DELPHINUS (pronounced del-FIE-nes), the Dolphin
EQUULEUS (pronounced eh-KWOO-lee-us), the Little Horse

Chart showing the constellations.

Delphinus, the Dolphin originated in ancient Greek times and celebrates the long standing relationship between man and the most intelligent of sea creatures. Ptolemy assigned 10 stars to it. In legend dolphins were the messenger of the sea god Poseidon, and were credited with saving the life of Poseidon's son, Arion, when he was attacked on a ship. The constellation has a distinctive shape, with its four main stars forming a rectangle known as Job's Coffin. Its two brightest stars are called Sualocin and Rotanev, which backwards read Nicolaus Venator, the Latinized form of the Name Niccolo Cacciatore, who was assistant to the Italian astronomer Guiseppe Piazzi.

Equuleus, the Little Horse or Foal, seems to have originated by Hipparchus about 150 BC, for some small stars near Delphinus. Ptolemy, four centuries later only assigned four stars to it. One myth sees it as Celeris, the brother of neighboring Pegasus.

To find these constellations look north in the evening between the Great Square of Pegasus and the bright star Altair. Delphinus is the easiest to see with its distinctive shape.

Chart showing the constellations as seen to the north at about 9.30 pm (NZST) mid September.
The horizon is for southern New Zealand

Delphinus and Equuleus.

Scutum constellation Serpens constellation Ophiuchus constellation Hercules constellation Lyra constellation Cygnus constellation Vulpecula constellation Sagitta constellation Aquila constellation Aquarius constellation Capricornus constellation Pisces constellation Pegasus constellation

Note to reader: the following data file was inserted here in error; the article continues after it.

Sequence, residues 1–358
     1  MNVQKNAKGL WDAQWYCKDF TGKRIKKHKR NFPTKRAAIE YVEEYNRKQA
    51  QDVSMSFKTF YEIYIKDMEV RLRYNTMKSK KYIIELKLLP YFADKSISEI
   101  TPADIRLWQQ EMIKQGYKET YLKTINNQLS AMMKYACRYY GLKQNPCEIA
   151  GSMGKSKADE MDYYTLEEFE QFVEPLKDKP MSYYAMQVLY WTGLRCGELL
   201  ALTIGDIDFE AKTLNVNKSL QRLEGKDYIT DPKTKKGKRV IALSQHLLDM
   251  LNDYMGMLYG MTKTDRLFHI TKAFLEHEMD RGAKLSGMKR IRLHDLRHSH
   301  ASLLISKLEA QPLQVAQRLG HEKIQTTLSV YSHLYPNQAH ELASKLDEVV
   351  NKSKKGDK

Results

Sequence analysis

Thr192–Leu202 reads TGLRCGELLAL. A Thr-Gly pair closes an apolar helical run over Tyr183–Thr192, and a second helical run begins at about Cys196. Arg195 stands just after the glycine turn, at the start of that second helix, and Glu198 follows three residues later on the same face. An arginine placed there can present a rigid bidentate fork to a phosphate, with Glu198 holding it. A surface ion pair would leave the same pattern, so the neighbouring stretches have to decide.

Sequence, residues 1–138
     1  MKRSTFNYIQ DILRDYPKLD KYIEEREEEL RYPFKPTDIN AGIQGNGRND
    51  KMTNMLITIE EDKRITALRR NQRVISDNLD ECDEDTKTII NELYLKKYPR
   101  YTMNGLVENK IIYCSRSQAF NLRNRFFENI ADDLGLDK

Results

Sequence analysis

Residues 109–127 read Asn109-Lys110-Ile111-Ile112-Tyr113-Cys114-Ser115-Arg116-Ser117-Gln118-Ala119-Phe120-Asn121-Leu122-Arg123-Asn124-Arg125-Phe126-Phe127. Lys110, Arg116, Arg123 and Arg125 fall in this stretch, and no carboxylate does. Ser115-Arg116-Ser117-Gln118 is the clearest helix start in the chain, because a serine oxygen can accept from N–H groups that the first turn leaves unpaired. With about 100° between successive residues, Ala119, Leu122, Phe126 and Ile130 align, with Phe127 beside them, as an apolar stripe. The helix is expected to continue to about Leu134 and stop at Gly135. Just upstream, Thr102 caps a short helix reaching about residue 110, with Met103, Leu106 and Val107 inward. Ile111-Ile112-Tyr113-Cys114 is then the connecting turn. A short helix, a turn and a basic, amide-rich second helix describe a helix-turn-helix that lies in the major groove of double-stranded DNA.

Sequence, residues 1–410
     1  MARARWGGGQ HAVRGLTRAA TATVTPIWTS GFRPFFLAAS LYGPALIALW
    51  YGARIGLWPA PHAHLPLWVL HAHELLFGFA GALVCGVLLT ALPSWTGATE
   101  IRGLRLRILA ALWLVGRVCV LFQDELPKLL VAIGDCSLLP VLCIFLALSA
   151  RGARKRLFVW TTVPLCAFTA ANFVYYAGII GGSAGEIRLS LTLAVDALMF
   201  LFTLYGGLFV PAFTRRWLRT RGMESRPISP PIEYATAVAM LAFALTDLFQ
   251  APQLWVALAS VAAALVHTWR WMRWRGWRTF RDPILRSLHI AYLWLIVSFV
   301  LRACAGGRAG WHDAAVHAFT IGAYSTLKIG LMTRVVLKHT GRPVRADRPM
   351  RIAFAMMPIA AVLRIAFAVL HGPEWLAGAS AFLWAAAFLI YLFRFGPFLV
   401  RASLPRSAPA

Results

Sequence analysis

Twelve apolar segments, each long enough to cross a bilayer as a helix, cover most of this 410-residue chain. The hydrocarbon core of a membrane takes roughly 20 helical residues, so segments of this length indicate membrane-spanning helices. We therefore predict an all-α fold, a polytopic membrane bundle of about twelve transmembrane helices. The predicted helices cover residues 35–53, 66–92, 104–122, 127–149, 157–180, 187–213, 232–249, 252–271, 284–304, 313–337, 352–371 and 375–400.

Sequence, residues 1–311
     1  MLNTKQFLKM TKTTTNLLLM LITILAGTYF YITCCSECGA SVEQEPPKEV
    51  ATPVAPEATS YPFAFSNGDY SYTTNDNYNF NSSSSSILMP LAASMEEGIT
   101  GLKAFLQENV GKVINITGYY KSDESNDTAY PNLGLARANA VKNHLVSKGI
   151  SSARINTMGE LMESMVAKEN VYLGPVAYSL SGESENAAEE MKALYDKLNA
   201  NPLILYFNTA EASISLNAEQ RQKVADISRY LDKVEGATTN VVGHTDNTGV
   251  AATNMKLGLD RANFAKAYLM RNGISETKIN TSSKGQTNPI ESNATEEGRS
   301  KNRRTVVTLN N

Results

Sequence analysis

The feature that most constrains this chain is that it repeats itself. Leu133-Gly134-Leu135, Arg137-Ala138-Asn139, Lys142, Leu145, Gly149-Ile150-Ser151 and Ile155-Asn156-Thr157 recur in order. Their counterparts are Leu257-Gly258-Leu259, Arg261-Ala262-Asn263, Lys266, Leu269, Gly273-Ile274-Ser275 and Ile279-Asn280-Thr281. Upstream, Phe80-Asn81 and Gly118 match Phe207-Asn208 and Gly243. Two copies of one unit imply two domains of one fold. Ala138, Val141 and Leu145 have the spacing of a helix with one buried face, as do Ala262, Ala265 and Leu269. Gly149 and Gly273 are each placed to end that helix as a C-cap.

Some stars and interesting objects in the Constellations

α Delphini (Sualocin) is a magnitude 3.8 blue-white star 241 light years away.

β Del (Rotanev), is magnitude 3.5 white star 97 light years away.

γ Del is a beautiful bright pair of stars, making an attractive sight for small aperture telescopes. It consists of golden and yellow-white stars of magnitudes 4.3 and 5.2, 101 light years away. In the same field of view is a fainter double star Struve 2725, consisting of stars of 7th and 8th magnitude.

α Equulei (Kitalpha, little horse) is a magnitude 3.9 yellow giant star 186 light years away.

γ Equ is a slightly variable white star of magnitude between 4.58 and 4.77, 115 light years away. There is also a close faint companion, which is not easy to see.

ε Equ appears to be a triple star 197 light years away in telescopes. The orbit of the close yellow pair is near to the line of sight with a period of 101 years. The stars are now closing and more difficult to separate. There is a wider third star, easily seen. The brightest star is actually a spectroscopic binary star with a period of 2.03 days, so in reality this is a quadruple star system. The star is also known as 1 Equ.


Delphinus and Equuleus are some 10° north of the equator so achieve a moderate altitude in New Zealand. They are visible from April, in the pre-dawn morning sky to the north-east through to October when they are visible to the north-west after evening twilight.

The constellations are due north and at their highest at about 9.30 to 10.00 pm NZST in mid September, an hour later at the beginning of the month and an hour earlier by October 1